Mordants for Natural Dyeing

A mordant is required if the colour from natural dyes is to remain wash fast and permanently bonded to the fibre. Materials can be pre-soaked in a mordant and left damp prior to dyeing. The mordants can also be added to the dye bath while the dye is being simmered. Mordanting materials before and after dyeing with natural dyes will add extra fastness. Visit our Dyeing section to browse for all the Natural Dyeing and Mordant products mentioned in this post.

Dyeing without Chemicals?

The quantities of mordant used in preparing fibre for dyeing have been the subject of much disagreement over recent years. Historically the craft dyer used ‘enough’ to make sure the job was done well. This gave rise in recent years to a strong reaction for ecologically sound mordanting where the levels of mordant were reduced considerably, alternative mordants were sought out, and additives used to increase the effectiveness of mordants. The most extreme version was the concept of ‘dyeing without chemicals’. The belief that oxalic acid used as a mordant and derived directly from rhubarb leaves and roots is ‘good’ and the same substance from a factory is ‘bad’, is prejudiced. Oxalic Acid is a listed poison!

The most commonly used mordants are Alum (Potassium Aluminium Sulphate), Copper (Copper Sulphate), Tin (Stannous Chloride), and Iron (Ferrous Sulphate). These are used in various combinations with assistants for mordanting wool, silk and other protein fibres. The process of mordanting cotton, linen and other cellulose fibre for natural dyeing is different in that the mordants do not stick to the fibre. The cellulose fibre needs first to be soaked in a solution of tannin so that a mordant can attach itself to the tannin.

Before dyeing, it is important to check whether the item is ‘Prepared for Dyeing’ (PFD) or requires scouring to remove any grease, oil or starch. Run a few droplets of cold water onto the fabric. If they soak in quickly, no scour is necessary. To remove starches, size and oils, add 5ml of Synthrapol (a non-ionic detergent) along with 2-3 litres of water for each 100g of material. Stir gently over a 15 min period, and then rinse thoroughly in warm water. It is possible to use household detergent, but the alkaline residue may affect the final colour or wash fastness.

Mordant Pack for Natural Dyeing
A good way to experiment with mordants is with the Fibrecrafts Mordant Pack which includes Alum, Copper, Tin, Iron and Cream of Tartar

Mordants for Dyeing Wool and Silk (Protein) Fibres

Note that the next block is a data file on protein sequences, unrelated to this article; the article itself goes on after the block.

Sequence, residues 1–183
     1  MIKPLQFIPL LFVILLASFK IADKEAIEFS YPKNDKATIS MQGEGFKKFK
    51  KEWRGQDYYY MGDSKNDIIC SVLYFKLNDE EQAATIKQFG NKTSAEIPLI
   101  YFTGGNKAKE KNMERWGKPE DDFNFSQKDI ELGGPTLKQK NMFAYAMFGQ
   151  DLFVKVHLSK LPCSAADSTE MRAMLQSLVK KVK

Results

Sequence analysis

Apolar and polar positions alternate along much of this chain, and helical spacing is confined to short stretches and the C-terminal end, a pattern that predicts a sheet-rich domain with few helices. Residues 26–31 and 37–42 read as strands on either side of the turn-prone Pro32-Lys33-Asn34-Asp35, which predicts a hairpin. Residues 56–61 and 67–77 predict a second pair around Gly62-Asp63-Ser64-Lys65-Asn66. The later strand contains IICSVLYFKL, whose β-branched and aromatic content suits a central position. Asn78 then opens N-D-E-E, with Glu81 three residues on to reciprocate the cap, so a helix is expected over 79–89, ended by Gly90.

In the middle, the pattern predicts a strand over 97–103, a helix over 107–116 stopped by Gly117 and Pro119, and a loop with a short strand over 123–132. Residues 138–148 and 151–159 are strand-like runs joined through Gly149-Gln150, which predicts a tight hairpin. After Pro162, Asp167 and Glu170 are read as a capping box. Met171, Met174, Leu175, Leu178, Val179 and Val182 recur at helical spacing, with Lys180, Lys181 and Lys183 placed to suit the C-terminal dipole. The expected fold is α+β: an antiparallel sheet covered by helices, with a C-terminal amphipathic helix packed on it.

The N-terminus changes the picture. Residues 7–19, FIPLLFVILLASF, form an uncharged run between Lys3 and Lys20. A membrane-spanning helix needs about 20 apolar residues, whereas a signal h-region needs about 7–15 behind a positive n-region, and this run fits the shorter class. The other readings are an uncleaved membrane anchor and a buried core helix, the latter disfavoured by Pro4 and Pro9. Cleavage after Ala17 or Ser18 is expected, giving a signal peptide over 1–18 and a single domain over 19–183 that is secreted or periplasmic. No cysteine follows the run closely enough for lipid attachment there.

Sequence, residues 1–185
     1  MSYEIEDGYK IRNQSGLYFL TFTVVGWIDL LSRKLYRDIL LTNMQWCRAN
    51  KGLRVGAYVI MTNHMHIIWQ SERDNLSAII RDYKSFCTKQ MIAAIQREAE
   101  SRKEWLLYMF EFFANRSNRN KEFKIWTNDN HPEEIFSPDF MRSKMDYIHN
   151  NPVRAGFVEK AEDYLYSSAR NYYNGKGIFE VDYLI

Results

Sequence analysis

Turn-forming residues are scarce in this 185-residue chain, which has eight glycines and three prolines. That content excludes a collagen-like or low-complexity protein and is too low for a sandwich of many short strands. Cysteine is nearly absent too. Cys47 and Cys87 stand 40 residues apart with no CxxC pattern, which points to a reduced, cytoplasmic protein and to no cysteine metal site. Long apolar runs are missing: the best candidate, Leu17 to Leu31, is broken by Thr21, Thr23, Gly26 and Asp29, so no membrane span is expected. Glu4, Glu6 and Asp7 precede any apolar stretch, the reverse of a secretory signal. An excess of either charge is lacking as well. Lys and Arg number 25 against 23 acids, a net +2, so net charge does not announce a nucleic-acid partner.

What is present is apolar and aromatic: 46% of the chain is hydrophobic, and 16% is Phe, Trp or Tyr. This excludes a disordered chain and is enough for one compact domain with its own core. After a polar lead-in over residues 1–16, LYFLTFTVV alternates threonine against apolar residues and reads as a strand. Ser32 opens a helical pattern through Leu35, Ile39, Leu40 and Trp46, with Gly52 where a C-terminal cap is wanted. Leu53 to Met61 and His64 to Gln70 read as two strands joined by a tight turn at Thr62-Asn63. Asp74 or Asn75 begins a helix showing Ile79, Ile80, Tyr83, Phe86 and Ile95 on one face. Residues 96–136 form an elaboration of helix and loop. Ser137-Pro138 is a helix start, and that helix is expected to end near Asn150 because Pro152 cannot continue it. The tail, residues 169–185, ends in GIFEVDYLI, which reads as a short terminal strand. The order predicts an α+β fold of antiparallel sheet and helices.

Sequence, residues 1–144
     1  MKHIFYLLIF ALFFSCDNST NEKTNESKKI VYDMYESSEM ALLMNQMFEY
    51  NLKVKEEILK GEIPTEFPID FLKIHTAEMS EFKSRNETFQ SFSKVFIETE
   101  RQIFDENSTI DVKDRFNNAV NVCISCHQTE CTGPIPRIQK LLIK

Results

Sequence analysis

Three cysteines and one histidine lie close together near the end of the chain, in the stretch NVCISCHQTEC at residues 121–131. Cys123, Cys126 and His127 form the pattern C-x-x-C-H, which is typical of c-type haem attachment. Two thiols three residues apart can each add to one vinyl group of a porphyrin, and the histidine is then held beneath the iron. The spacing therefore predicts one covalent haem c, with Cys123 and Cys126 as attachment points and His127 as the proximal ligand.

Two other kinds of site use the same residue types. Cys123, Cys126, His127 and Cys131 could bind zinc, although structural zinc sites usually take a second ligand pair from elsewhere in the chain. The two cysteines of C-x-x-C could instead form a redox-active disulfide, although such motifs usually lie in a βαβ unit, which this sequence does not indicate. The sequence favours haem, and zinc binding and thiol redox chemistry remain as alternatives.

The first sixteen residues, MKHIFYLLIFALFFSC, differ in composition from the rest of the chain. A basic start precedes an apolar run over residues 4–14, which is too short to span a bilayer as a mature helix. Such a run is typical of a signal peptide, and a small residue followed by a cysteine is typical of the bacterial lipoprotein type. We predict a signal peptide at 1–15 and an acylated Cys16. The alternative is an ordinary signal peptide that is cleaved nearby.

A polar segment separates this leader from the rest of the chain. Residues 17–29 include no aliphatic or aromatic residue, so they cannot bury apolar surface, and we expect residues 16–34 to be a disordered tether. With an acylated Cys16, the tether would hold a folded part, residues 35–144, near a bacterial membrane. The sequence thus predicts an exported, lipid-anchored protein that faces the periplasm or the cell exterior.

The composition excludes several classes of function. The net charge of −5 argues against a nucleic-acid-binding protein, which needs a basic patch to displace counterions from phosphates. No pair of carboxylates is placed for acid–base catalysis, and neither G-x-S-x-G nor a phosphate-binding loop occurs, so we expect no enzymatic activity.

The quantities of mordants shown are for 500g of dry weight of fibres with five litres of water. Bring the mixture to boiling temperature and hold there for one hour. Do not agitate as this will felt the fibres. Allow to cool, rinse and dry.

  • Alum Mordant: 100g, it helps to add 25g of Cream of Tartar* (Potassium Hydrogen Tartrate). Use of more than 150g of Alum will tend to make the fibre feel sticky.
  • Copper Mordant: 100g, add 20g of Cream of Tartar to improve colour and light fastness.
  • Tin Mordant (Stannous Chloride): Use a small amount with natural dyes to brighten colours, especially yellows, oranges and reds. Use 3-5g Tin to 500g dry fibre weight – too much Tin will make the fibre brittle.
  • Iron Mordant: 20g in solution is added to the dye bath after dyeing to darken the dye colour.
  • Titanium Oxalate: 50g, brings out oranges from tannins such as Gall Nut and variable colours from other natural dyes.

Experimenting and careful note taking will help you to repeat the colours and results achieved by these mordants. *Cream of Tartar is used to soften fibre, to act as a buffer to maintain a slightly acidic dye bath, to help disperse the Natural Dye colour evenly and to brighten colours (i.e. taking cochineal to a true red) on wool, silk and other protein fibres. It is an optional addition to the Alum mordant solution at 3-5g per litre of water.

Cotton and Linen (Cellulose) Fibres

Dyeing cotton and linen with natural dyes requires a different approach to that used for protein fibres. The metallic part of the mordant does not attach readily to cellulose until it has reacted with Tannic Acid (tannin).

  • First dissolve 40g of Tannic Acid in 5 litres of hot water. Steep the fibres in the bath for up to 24 hours.
  • Mordant the prepared fibres with a mix of 250g of Alum and 25g of Soda Ash (sodium carbonate) in 5 litres of hot water and allow to soak for up to 24 hours, rinse in warm water and allow to dry before repeating the mordanting. Copper and Tin mordants can be used in similar proportions as for wool to assist with blues, blacks and reds.

Alternatively, Aluminium Lactate acts as an effective mordant for Cotton (and other cellulose fibres) when using natural dyes, giving a significant difference in colour take-up and improved light fastness. On cotton use 7-10% to Weight of Fabric (WOF) after a bath of gallnut (or other tannins of light colour) for a better fixation of the mordant. Also use in combination with iron mordant or a finishing bath for shading with an iron salt (max 1.5% WOF) to widely increase the number of shades. Titanium Oxalate can also be used in the same way as Aluminium Lactate for mordanting cellulose and will effectively bring out the orange in the tannin.

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